North Korea’s hydrogen bomb test: 5 things to know
Ryoo Yog-Gyu, a monitoring director of the National Earthquake and Volcano Center, shows seismic waves taking place in North Korea on a screen at the Korea Meteorological Administration center on Sunday.
By Bob D’Angelo, Cox Media Group National Content Desk
As tensions continue to build between the United States and North Korea, here are five things to know in the aftermath of Sunday’s hydrogen bomb test:
North Korea's official news agency, KCNA, said the test was conducted to "examine and confirm" using the hydrogen bomb as a payload for an intercontinental ballistic missile. "It also marked a very significant occasion in attaining the final goal of completing the state nuclear force," KCNA said.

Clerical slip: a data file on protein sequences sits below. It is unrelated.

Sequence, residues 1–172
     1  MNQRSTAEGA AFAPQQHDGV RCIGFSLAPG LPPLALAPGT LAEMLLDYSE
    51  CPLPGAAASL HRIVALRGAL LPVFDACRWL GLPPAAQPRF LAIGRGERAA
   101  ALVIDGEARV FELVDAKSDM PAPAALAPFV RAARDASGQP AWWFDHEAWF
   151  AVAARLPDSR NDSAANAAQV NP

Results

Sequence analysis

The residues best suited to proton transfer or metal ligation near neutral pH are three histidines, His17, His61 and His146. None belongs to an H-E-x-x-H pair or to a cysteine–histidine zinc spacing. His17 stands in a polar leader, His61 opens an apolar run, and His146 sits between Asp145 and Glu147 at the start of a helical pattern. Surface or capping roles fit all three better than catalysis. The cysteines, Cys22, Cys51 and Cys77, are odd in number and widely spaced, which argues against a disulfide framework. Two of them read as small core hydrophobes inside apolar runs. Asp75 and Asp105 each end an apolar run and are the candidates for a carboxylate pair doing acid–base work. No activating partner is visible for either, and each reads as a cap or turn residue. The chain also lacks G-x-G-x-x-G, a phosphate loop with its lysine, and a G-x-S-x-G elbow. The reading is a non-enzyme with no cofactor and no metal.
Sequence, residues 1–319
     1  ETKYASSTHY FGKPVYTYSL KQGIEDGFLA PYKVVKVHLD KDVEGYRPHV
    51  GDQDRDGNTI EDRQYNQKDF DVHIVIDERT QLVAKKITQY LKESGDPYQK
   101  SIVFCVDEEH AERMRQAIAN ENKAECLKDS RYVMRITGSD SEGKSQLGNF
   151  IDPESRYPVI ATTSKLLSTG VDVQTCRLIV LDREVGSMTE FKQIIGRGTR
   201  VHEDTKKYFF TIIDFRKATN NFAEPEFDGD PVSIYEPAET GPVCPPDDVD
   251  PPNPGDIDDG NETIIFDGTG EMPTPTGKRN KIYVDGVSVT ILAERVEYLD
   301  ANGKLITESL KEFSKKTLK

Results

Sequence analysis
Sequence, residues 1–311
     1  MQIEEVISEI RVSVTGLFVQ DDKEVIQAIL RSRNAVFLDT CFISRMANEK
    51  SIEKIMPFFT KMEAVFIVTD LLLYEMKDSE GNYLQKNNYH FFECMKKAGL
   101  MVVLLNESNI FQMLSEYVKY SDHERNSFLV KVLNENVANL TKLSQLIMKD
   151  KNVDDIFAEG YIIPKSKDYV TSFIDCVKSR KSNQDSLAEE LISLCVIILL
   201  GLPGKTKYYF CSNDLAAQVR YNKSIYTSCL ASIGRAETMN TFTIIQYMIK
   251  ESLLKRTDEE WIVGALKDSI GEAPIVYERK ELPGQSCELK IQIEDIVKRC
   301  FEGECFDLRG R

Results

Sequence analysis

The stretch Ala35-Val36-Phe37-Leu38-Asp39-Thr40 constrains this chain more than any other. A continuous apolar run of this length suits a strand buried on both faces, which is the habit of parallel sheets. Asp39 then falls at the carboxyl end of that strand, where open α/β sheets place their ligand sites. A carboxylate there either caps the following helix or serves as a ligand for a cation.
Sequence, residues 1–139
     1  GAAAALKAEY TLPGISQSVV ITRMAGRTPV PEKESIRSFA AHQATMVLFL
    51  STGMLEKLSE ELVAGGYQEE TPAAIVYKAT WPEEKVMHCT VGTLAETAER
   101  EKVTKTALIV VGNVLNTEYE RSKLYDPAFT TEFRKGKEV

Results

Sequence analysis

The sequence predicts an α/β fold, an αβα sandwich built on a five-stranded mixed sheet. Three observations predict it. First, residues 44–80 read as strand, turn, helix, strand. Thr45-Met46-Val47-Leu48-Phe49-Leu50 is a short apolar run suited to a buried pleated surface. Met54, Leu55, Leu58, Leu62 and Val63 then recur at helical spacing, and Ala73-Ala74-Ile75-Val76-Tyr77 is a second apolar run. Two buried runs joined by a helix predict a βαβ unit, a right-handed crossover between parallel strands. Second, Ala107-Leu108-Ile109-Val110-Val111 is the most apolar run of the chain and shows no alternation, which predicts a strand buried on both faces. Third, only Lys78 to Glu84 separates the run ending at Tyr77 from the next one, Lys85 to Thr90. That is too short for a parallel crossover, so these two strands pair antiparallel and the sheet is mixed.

The security chiefs for the United States and South Korea spoke in a 20-minute emergency telephone call after North Korea's test. U.S. National Security Adviser H.R. McMaster spoke with South Korea's Chung Eui-yong, about an hour after the detonation.
North Korea tested two nuclear weapons in 2016, including one in September that occurred close to the country's Foundation Day holiday.
South Korea's weather agency said Sunday's test appears to have been several times stronger than previous ones. The Korea Meteorological Administration estimated that the nuclear blast yield Sunday was between 50 to 60 kilotons. That is five to six times stronger than North Korea's fifth test last September.
Russian President Vladimir Putin said Friday that it was a mistake to try to pressure Pyongyang into halting its nuclear missile program, Reuters reported.